If there is no agreement on how to deal with a common threat, is there any point in maintaining the Alliance? Is not common strategy the foundation of an alliance? All member states agree that NATO is too valuable to be willingly dispensed with. With its limitations, it is better to have it than not to have it. It is only a common “toolbox”, but it is worth keeping. After all, article 5 of the Washington Treaty does not bind us to anything, so there is no more military risk in it than out of it.
As the Alliance is blurred to the benefit of the Organisation, the relationship between its members evolves, losing intimacy and mutual trust. Legitimate defence of national interests no longer has to be negotiated with an ally. NATO has, through a slow and tense process, lost its strategic dimension. Indeed, Biden’s diktat to approve a new strategy at the upcoming Atlantic summit in Madrid highlights precisely this reality. It would seem that Biden wanted to stage the impossibility of achieving this rather than forcing a significant step forward in its reconstruction.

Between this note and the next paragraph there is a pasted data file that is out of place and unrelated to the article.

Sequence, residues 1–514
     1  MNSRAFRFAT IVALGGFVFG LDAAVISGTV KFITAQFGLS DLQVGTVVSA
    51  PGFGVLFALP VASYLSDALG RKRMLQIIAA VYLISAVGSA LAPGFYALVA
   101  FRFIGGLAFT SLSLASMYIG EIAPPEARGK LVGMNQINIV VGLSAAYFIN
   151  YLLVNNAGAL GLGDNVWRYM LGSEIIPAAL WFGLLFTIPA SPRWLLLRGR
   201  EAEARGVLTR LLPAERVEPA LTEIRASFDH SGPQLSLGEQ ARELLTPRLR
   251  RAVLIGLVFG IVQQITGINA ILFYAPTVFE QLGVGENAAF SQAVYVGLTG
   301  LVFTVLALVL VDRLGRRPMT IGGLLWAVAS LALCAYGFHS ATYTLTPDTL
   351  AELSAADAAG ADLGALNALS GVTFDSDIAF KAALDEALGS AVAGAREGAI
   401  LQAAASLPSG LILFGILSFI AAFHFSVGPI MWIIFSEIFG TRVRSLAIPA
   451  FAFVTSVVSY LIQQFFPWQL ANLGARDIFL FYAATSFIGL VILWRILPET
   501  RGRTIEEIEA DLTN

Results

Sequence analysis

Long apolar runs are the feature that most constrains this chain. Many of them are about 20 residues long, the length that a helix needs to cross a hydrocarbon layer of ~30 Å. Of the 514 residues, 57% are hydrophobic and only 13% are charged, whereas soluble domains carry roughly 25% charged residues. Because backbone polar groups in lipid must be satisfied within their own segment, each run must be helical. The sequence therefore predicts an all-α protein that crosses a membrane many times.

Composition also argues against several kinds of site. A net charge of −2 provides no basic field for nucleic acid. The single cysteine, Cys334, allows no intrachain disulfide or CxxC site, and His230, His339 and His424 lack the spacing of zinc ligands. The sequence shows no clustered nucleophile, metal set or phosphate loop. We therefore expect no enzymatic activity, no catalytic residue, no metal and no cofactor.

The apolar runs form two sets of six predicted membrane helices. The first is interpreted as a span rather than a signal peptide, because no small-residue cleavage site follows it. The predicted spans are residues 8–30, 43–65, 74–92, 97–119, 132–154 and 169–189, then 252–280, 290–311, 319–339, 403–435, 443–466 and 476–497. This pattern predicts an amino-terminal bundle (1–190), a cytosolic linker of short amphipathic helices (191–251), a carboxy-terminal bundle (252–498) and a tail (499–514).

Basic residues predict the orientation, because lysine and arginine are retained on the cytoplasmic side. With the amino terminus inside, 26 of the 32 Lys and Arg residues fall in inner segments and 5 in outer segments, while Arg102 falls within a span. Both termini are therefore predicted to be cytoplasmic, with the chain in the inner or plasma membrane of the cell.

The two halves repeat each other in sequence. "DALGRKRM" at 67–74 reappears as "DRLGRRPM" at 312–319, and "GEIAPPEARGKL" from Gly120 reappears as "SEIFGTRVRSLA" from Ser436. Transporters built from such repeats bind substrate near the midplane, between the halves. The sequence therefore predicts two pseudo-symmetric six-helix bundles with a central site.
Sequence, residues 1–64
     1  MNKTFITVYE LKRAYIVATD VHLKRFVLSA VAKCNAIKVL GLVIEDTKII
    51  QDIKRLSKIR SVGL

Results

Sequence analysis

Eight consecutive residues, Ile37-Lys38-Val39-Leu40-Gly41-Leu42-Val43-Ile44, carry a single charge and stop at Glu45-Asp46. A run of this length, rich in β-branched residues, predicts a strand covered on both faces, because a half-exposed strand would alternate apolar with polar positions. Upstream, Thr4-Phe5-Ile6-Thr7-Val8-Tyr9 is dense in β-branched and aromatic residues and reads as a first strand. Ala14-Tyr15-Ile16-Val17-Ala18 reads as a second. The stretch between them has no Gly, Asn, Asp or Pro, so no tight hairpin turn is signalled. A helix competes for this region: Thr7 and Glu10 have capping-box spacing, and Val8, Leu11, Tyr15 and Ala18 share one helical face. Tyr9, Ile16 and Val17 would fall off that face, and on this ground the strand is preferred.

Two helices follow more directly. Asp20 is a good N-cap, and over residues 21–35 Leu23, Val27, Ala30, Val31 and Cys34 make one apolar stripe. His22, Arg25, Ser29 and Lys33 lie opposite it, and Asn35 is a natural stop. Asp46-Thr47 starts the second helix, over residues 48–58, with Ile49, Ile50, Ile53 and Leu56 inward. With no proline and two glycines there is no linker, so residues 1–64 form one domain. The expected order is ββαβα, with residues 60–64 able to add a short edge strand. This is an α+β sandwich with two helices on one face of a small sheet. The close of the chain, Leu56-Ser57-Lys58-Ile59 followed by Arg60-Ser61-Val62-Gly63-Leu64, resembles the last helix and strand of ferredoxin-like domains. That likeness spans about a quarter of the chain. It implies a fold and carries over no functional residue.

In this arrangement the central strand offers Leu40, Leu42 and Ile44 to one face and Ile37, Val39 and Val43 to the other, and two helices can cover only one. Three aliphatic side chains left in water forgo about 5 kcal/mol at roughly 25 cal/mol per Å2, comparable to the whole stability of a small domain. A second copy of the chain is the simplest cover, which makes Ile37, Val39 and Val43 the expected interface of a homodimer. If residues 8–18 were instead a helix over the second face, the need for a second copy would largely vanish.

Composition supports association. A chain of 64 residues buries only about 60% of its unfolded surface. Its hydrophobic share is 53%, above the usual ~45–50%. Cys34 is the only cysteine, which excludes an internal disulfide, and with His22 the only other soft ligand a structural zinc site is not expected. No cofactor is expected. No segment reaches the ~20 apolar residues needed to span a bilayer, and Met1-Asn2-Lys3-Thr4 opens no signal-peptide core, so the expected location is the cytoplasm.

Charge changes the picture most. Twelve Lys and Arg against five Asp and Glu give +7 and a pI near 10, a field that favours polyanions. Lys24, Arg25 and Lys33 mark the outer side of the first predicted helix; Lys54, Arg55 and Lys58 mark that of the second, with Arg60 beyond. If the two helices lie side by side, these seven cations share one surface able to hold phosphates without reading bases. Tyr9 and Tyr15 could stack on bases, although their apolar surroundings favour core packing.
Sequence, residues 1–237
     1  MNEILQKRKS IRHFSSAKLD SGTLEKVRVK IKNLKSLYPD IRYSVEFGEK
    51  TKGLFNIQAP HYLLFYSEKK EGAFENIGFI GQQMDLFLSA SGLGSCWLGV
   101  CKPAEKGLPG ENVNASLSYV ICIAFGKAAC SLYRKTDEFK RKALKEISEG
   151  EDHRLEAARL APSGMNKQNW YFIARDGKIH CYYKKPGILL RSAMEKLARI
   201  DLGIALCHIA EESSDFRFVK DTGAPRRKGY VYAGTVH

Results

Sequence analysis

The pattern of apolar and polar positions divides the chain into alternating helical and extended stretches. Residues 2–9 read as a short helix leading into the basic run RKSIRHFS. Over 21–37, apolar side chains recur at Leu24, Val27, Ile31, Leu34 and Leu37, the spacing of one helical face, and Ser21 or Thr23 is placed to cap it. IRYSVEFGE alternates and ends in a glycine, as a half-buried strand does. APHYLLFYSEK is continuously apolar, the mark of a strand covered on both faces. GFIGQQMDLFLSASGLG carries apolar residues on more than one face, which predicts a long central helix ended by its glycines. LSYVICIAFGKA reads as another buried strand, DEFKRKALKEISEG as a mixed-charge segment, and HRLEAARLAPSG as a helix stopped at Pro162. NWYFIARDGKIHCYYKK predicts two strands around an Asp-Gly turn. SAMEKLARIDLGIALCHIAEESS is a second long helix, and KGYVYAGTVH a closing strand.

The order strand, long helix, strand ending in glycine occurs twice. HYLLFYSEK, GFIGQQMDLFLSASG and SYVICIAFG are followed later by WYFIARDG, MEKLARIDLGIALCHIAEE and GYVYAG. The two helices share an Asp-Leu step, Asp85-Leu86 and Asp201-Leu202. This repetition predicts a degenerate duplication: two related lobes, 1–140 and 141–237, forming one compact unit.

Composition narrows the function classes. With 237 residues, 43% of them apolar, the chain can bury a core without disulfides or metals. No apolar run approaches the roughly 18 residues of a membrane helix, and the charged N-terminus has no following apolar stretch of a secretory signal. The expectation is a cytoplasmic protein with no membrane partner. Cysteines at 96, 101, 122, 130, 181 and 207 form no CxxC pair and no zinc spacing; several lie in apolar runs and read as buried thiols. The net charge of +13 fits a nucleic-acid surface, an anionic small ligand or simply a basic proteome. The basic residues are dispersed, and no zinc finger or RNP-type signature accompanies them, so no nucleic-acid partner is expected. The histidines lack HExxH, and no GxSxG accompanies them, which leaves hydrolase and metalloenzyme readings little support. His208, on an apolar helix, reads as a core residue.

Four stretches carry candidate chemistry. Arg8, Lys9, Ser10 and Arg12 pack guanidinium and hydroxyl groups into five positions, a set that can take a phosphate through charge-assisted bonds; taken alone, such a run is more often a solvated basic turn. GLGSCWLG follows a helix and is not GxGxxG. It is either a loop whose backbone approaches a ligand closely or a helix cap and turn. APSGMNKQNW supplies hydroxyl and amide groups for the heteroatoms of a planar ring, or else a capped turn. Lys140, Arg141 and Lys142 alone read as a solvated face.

The key issues on the Atlantic agenda – Russia, China and Iran – only highlight differences. For Washington, Russia is fundamentally a European problem, even if the states of the Old Continent are unable to agree on how to act. The US strategy of confrontation with China clashes with the European position of cooperation and dialogue. As for the general crisis in the MENA region, Washington is trying to strike a balance and distance itself, convinced that it is not a strategic threat given its energy independence.
Following the principle established by Rumsfeld, the US does not seek to contain China through permanent institutions but through a network of bilateral agreements and directorates. The Five Eyes agreement, the diplomatic space known as Quad (Quadrilateral Diplomatic Dialogue) or the more recent AUKUS are its foundation. The basic idea is to bring together the Anglo-Saxon powers and the states that feel most threatened in the degree of cooperation they are most comfortable with. NATO as such has no place.
France, like the UK, knows that if it wants to be a global actor it has to be present in the Pacific. Its problem is that it is too small and the theatre of operations is too far away. It has sought agreements and the one with Australia was very important to this end. French diplomacy was aware of the changing security environment, as well as the severity of the pressures – diplomatic gestures, cyber attacks and trade sanctions – Australia was under. France therefore proposed to Australia to modify the contract to build fewer nuclear-powered submarines. This proposal met with no response. In fact, by then the agreement with the United States was already closed or in the process of being closed.